So Ian Blair and Levy have form. In current circumstances it was a gross error of judgement for Ian Blair to sit at a top table with Lord Levy. Levy should have realised that himself and made his excuses, but nobody could mistake Lord Levy for a gentleman. Therefore Blair should have made an excuse and left. As it is, some of the smell has rubbed off. Ian Blair should resign.

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Campus Spying

The Scotsman 7 March 2007

Special Branch to badge up after campus spying claims


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SPECIAL Branch officers last night said they would wear badges identifying themselves if they visit a university campus in future, after they were accused of “spying” on students.

Craig Murray, the former diplomat who last month succeeded TV personality Lorraine Kelly as rector of Dundee University, said he had been “appalled” to learn that members of Special Branch had attended the university’s student freshers’ fair last year. Mr Murray, 48, claimed that the officers, who were members of Tayside Police’s community contact unit (CCU), had been taking down the names of students who signed up to support the “Stop the War” movement – a claim the force has strenuously denied.

Mr Murray, who left the Foreign Office three years ago after alleging that the United States and Britain were involved in torture in Uzbekistan, said: “I was approached by students at Dundee who told me that Special Branch were on the campus spying on Muslim students. “They were at the fresher’s fair taking notes of those who joined the Stop the War movement. That seemed appalling to me. I began to wonder what I could do about it, so I decided to stand for rector.” Mr Murray defeated former Scotland rugby captain Andy Nicol last month in a two-horse election race to succeed Ms Kelly as the university’s rector.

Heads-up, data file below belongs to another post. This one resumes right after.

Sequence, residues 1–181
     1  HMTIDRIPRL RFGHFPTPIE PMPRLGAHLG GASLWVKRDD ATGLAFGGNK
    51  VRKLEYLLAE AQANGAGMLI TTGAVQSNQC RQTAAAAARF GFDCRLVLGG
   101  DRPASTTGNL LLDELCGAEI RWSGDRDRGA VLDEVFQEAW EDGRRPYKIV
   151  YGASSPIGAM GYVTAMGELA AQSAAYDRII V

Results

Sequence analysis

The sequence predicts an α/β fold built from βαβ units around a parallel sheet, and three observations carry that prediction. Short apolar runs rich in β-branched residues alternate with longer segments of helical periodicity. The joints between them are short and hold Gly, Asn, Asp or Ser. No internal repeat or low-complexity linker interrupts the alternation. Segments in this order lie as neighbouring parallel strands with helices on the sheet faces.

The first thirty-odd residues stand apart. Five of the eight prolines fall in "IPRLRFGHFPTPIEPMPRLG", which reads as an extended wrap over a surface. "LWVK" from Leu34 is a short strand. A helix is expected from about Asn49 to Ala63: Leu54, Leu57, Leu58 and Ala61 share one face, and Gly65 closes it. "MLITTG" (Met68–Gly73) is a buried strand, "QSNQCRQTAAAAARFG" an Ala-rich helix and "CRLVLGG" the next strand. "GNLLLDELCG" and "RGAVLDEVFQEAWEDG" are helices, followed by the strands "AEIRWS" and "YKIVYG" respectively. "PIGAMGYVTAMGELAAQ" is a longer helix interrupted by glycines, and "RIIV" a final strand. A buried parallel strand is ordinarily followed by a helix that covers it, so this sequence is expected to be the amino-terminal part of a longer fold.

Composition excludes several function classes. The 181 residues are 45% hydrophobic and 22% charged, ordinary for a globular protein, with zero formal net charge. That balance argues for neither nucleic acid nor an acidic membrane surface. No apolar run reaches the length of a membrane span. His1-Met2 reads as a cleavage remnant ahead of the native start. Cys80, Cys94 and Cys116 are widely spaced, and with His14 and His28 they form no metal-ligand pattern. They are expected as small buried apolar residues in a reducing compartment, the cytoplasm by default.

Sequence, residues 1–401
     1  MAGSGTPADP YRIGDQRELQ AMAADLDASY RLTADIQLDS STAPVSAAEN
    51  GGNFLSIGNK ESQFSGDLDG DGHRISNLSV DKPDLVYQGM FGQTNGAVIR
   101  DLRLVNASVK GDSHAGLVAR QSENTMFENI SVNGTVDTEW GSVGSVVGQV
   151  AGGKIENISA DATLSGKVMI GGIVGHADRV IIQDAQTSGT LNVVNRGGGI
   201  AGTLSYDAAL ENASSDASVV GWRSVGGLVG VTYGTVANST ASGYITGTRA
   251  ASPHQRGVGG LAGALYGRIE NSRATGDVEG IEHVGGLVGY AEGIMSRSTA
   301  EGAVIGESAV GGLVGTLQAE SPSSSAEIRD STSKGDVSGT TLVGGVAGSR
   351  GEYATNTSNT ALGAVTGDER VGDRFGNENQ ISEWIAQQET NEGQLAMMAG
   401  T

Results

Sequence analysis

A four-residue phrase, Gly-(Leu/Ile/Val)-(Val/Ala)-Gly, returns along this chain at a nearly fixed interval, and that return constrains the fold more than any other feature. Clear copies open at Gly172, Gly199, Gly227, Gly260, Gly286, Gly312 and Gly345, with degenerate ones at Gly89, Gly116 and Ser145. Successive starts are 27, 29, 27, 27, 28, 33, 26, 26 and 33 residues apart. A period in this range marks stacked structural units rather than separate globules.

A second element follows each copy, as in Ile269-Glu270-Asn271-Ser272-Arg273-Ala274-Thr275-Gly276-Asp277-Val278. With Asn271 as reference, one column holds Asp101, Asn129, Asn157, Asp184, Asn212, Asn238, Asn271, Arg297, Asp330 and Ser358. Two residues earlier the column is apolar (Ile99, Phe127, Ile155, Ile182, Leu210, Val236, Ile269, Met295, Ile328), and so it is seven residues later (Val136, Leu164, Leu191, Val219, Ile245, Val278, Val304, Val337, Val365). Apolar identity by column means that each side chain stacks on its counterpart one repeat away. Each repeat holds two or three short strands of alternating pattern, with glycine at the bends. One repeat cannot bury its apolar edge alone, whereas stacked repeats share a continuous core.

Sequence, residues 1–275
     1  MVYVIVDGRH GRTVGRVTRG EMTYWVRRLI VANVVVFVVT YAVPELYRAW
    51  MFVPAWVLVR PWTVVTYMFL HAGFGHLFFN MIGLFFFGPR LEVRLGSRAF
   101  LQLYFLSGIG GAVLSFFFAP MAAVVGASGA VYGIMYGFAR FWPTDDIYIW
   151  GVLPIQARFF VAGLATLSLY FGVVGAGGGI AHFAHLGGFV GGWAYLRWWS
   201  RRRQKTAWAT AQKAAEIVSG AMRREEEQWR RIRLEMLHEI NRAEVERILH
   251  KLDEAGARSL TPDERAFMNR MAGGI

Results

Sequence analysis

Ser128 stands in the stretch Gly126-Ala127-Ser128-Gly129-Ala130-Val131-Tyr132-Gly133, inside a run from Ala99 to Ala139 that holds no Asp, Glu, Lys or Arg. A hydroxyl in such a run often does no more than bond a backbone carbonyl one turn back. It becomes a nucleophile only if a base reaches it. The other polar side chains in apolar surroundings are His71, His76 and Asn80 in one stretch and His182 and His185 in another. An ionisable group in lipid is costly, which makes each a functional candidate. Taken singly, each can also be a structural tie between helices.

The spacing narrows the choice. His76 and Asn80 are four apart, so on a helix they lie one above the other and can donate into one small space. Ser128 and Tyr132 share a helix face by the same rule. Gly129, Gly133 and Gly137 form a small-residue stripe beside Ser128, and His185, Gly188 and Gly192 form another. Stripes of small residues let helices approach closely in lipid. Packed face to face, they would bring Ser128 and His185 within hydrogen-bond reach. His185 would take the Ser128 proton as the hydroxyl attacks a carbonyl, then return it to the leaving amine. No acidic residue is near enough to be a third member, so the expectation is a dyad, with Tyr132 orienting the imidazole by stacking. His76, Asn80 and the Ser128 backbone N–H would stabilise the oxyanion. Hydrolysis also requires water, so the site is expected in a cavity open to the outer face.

Detective Chief Superintendent Angela Wilson, who has overall responsibility for the CCU, last night denied that students’ names had been taken down and insisted Special Branch officers would identify themselves more clearly in future. She said: “I’m not aware of names being taken down. They were handed leaflets and the person who handed them out said that if they’d known who they were, they wouldn’t have done it. “Our policy has always been to be very open about these things and they didn’t disguise who they were. But in future, they would wear a badge identifying themselves. “And if people were uncomfortable with them being there, all they would have to do is ask them to leave and they will.”

Det Chief Supt Wilson added: “Having been made aware that Mr Murray may have these views, should he have any continuing concerns, I’m more than happy to meet with him. But I haven’t been approached as yet.” The CCU was established in the wake of the terrorist bombings in London on 7 July, 2005 to provide information on potential extremism. The Muslim Association of Britain has claimed that the unit has contributed to a deterioration in relations between the police and the Islamic community. The force, however, insists that they have actually created closer community links.

Ambassador who attacked ‘selling of souls’

CRAIG Murray was appointed the British ambassador to Uzbekistan in 2002. While serving as ambassador, Mr Murray protested that intelligence on Islamic terror suspects in the landlocked country was being gained through torture. He branded the practice unreliable, immoral and illegal and accused the British government of “selling our souls for dross”. The story of his time in Uzbekistan is set to be turned into a film, with comic Steve Coogan signed up to play the lead role. Angelina Jolie is set to play Nadira, a young Uzbek hairdresser with whom Mr Murray admits having an affair, costing him his marriage. He has also criticised extraordinary rendition – the CIA practice of flying terrorism suspects to countries in Asia and other parts of the world for interrogation.

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Special Branch Campus Spying

An article from today’s Scotsman (posted above).

The Special Branch admit that they were at the Fresher’s Fair, incognito, but deny that they were spying on students. They have failed however to provide any alternative explanation of why they were there. Reliving their student past? Hoping to gatecrash a free gig?